Challenges of Cannabis Use in Older Adults

Continue Reading

Two out of three older Americans have multiple chronic health conditions that generally require multiple prescription medications, increasing the risk of adverse drug effects, which can further endanger their health.13

“There’s a variety of competing medical issues in older individuals, as they start to have more physical problems and take an ever-increasing number of medications to manage those,” Dr Prozialeck observed. “Unfortunately, little is known about how various medications — both OTC and prescription drugs — interact with marijuana.” 

Some research suggests that marijuana may interact with several agents that are commonly prescribed to older adults via alteration of the liver’s cytochrome P450 enzyme system. Additionally, marijuana used together with other CNS depressants might have an additive sedative effect.14

Older people are more sensitive to many medications, as a result of age-related changes in body chemistry and brain function and cannabis is no exception, Dr Prozialeck noted. “There are no guidelines, no prescribing recommendations, virtually no research to guide practitioners or pharmacists in safe prescribing and drug-drug interactions in older adults.”

However, certain potential adverse effects of cannabis are known and should be on the radar of clinicians. “We know that prolonged use of cannabis can impair cognition,15 and cognitive impairment is already a concern in the elderly in many domains, including driving,” he warned. “Although some research16,17 suggests that cannabis can be helpful with symptoms of dementia such as agitation, cannabis has also been associated with psychotic disorders15 which is another concern in the elderly, particularly those with dementia.”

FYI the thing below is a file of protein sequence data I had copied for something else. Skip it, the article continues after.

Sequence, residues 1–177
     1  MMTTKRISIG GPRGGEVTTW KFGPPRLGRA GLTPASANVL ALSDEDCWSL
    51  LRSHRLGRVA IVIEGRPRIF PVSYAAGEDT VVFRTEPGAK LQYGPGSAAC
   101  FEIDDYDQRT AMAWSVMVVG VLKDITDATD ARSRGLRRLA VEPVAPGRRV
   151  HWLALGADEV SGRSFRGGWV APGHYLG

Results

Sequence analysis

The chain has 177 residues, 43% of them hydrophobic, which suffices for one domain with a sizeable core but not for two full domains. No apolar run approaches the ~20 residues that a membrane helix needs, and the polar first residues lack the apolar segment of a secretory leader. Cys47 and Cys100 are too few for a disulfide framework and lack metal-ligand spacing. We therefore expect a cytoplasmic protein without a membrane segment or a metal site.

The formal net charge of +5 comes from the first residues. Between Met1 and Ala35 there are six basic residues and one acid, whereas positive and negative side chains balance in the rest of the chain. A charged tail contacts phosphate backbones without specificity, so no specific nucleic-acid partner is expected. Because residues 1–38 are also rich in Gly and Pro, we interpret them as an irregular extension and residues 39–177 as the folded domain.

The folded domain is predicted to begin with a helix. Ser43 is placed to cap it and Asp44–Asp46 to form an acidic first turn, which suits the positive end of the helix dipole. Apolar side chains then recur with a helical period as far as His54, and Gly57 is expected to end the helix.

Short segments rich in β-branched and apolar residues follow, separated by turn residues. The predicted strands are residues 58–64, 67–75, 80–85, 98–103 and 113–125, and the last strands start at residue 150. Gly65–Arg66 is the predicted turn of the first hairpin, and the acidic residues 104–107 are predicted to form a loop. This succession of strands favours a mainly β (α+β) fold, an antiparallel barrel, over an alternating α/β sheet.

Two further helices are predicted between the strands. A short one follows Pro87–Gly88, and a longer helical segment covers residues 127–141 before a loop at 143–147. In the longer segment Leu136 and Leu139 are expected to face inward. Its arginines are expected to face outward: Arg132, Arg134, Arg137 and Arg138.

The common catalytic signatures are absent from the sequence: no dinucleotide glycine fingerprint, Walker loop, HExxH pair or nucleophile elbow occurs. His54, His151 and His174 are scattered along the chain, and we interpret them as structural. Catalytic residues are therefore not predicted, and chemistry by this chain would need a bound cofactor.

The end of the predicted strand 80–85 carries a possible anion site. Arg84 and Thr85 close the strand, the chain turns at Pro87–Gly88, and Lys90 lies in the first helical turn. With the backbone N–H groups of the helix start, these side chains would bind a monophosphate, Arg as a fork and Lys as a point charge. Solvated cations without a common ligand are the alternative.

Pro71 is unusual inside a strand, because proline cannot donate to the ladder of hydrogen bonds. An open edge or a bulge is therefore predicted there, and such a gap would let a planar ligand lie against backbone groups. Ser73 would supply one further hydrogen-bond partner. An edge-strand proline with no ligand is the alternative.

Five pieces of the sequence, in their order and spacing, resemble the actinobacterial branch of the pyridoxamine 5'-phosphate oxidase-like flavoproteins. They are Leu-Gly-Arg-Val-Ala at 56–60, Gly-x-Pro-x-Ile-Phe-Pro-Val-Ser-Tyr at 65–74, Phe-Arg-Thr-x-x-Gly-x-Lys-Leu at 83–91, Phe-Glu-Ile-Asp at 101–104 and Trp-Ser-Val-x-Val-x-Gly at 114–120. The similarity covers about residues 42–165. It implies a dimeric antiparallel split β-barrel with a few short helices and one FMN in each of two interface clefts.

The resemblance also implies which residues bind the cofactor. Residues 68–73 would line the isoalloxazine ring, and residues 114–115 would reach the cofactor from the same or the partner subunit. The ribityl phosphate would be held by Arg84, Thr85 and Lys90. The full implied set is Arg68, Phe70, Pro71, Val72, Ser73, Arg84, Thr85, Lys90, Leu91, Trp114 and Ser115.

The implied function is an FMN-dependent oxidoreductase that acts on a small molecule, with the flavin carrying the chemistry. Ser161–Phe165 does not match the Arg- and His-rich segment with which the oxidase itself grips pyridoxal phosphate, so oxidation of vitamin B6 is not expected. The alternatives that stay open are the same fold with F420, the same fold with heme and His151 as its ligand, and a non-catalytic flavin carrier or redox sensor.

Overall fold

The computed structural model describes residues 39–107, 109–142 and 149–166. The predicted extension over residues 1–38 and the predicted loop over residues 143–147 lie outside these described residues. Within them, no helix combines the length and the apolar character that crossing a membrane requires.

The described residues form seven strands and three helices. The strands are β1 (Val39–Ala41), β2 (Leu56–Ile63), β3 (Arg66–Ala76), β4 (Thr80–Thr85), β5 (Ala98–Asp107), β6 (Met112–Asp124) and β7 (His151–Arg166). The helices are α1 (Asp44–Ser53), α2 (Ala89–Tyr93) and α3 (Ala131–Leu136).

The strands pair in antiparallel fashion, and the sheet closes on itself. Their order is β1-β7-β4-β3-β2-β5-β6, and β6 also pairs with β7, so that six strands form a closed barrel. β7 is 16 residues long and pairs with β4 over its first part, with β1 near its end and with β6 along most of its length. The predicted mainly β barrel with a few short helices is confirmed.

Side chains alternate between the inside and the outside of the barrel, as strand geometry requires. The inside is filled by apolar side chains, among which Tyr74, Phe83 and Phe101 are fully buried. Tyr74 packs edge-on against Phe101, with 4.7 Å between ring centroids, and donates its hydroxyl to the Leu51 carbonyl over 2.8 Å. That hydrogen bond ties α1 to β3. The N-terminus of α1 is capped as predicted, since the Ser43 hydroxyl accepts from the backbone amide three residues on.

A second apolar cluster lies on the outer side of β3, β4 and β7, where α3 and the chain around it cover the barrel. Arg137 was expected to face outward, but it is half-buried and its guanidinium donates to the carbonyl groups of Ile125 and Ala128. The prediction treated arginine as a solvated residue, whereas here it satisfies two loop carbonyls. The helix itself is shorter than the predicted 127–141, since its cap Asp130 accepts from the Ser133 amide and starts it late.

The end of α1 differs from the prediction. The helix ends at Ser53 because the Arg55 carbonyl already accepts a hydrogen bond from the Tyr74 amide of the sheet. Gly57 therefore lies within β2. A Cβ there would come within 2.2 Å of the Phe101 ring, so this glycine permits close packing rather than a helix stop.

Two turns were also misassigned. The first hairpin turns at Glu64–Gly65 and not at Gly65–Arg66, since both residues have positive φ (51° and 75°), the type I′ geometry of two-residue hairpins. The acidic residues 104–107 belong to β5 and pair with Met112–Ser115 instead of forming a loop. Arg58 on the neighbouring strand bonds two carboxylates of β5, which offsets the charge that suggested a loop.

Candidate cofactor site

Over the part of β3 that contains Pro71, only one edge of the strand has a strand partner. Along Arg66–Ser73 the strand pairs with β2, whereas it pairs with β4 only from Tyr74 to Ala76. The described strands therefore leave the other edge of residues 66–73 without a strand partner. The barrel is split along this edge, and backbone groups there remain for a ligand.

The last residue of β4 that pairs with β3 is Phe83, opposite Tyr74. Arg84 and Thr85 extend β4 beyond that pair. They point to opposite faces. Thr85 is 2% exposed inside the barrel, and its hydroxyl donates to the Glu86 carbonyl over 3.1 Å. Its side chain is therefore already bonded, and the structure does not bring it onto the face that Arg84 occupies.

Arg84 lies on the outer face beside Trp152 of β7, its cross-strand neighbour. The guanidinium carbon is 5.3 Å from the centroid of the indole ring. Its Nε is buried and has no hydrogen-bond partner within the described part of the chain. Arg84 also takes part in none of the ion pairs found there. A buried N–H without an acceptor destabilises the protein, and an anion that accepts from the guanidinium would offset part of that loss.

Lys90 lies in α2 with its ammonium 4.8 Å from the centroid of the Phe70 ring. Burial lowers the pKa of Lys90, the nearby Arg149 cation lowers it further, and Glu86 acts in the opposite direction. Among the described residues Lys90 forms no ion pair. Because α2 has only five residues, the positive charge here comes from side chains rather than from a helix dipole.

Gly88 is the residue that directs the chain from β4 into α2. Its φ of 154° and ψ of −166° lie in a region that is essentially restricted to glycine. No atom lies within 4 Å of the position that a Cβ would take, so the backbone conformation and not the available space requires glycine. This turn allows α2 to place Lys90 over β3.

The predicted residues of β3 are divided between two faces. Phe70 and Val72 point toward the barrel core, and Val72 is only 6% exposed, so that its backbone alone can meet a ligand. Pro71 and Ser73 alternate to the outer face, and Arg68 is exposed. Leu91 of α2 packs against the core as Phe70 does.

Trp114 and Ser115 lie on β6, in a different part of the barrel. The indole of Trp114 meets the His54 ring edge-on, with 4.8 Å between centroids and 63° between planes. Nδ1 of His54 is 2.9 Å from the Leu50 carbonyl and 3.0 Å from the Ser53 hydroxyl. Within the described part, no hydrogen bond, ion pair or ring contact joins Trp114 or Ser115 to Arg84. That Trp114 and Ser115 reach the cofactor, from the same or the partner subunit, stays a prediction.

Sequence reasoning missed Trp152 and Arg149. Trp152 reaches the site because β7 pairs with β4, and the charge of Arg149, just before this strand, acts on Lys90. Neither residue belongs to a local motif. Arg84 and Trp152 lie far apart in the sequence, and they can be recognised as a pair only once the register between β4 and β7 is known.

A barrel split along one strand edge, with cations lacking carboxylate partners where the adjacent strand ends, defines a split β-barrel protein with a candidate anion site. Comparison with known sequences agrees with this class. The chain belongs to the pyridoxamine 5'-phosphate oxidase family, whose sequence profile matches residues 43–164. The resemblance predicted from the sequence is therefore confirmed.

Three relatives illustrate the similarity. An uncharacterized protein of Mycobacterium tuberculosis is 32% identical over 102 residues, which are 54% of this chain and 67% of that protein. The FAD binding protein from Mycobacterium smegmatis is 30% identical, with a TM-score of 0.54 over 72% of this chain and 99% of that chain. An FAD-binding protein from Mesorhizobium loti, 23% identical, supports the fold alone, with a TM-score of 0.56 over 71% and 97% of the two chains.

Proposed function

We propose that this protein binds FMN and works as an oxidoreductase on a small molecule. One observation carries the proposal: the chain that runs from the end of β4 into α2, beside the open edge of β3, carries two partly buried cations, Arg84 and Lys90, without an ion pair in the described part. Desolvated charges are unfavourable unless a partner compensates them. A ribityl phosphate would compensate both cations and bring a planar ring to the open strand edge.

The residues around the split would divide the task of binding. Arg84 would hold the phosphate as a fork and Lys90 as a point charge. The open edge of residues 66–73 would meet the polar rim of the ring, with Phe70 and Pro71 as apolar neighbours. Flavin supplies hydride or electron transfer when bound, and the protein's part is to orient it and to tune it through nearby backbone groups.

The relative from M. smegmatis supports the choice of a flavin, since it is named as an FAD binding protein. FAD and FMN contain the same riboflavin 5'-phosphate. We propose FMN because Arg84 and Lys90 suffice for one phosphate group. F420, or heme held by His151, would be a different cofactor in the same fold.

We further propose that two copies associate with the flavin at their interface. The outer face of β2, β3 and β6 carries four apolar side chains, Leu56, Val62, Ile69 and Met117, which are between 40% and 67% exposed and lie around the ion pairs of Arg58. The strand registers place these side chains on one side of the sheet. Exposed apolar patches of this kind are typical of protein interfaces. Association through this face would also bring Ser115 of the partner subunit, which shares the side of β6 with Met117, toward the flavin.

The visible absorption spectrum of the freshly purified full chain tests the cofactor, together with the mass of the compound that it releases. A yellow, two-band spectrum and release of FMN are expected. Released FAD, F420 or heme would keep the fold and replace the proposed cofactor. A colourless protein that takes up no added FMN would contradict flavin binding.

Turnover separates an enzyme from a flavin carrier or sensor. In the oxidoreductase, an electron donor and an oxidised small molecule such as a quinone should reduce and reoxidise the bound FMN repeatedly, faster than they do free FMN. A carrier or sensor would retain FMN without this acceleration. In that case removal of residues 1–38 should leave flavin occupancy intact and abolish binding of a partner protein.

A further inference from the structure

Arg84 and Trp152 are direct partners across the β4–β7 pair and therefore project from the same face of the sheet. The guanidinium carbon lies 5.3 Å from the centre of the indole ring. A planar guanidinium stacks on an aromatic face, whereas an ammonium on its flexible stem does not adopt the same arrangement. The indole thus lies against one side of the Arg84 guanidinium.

Know Your Cannabinoids

Cannabis combines Δ-9-tetrahydrocannabinol (THC) and cannabidiol (CBD) in an approximately 1:1 ratio. The THC is the agent with psychoactive properties, while CBD affects anxiety and pain.“Cannabidiol is the more active pain reliever and doesn’t produce a ‘high,’ and there are many strains of medical marijuana that are bred to produce high cannabidiol and low THC,” said Dr Prozialeck.

With regard to obtaining the product, most states have a required procedure. “In Illinois where I live, the physician must submit a form to the Illinois Department of Public Health certifying that a patient has one of about 40 conditions that qualify them for the use of medical marijuana. When the department has reviewed the form and completed a background check, the patient receives a card allowing the use of medical marijuana, which can then be taken to a dispensary,” he explained.

Dr Rudroff noted that in Iowa, there are only 5 dispensaries that offer medical marijuana. The cardholder receives the name of these dispensaries. “I prefer this because the product can be dispensed in a more controlled way—in contrast to other states such as Colorado, where it has gotten out of hand, is less controlled, and there are dispensaries everywhere,” he said, adding that “a good dispensary should be able to let the patient know the ratio of THC to CBD.”

This article originally appeared on MPR